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Scott J. Duncan, Dipen Kadaria
(Division of Internal Medicine, University of Tennessee Health Science Center, College of Medicine at Memphis, Memphis, TN, USA)
Am J Case Rep 2015; 16:367-370
Patients presenting with lung mass and/or nodules are common problems for pulmonologists. The common etiologies for this condition in this area (Ohio River Mississippi Valley area) are malignancy, histoplasmosis, and sarcoidosis. However, there can be other rare causes of this presentation for which a detailed clinical history, examination, and broad knowledge is needed for diagnosis.
CASE REPORT: A 41-year-old woman presented with complaints of progressive nonproductive cough, shortness of breath, and decreased exercise limitation for several months. The symptoms were progressive and were hindering her daily work. Physical examination, including vital signs, was within normal limits. A chest X-ray followed by CT chest was done. CT chest showed a right infrahilar mass 3.5×2.5 cm along with multiple bilateral lung nodules of size 9 to 11 mm. Bronchoscopy with transbronchial needle aspiration (TBNA) and transbronchial biopsy (TBB) and CT-guided biopsy failed to show any diagnosis. Repeat CT scan at follow-up showed the same lesion and the patient had an open-lung biopsy. A diagnosis of benign metastasizing leiomyoma (BML) was made based on clinical, radiological, and histological features, and immunophenotype of the lesion. The patient was started on leuprolide (a GnRH agonist). Follow-up imaging showed decrease in size of lesions. The patient is asymptomatic with increased exercise tolerance.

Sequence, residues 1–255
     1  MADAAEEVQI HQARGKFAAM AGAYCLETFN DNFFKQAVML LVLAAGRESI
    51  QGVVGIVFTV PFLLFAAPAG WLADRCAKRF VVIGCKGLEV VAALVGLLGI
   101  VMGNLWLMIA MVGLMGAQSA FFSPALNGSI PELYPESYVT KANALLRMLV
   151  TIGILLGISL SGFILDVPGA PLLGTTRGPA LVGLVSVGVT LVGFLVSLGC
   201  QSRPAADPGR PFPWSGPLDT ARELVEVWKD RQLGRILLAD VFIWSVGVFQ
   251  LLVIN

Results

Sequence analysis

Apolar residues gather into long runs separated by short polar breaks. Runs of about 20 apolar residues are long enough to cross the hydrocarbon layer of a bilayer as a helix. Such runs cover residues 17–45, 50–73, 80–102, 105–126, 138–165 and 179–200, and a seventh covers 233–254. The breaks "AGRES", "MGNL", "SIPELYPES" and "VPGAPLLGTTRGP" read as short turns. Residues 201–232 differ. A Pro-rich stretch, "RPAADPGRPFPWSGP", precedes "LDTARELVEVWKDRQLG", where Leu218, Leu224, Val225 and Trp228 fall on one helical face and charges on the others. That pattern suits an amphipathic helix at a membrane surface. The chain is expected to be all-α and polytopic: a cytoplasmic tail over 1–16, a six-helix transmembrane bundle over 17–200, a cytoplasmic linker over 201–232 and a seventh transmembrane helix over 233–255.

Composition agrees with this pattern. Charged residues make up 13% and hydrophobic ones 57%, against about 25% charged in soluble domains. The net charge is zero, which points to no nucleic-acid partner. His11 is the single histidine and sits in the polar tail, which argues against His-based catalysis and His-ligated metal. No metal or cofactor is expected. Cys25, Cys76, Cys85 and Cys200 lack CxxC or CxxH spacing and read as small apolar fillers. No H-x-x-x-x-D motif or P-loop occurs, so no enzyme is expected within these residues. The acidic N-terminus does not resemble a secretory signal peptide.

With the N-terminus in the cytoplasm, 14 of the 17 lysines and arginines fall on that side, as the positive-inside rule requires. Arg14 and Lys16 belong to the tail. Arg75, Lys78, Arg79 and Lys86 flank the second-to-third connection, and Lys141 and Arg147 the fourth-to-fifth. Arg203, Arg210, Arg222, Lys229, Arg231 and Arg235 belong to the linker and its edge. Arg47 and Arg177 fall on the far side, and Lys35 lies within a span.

CONCLUSIONS: Clinicians need to be aware of rare causes of lung mass, like BML. This will help in timely diagnosis and treatment.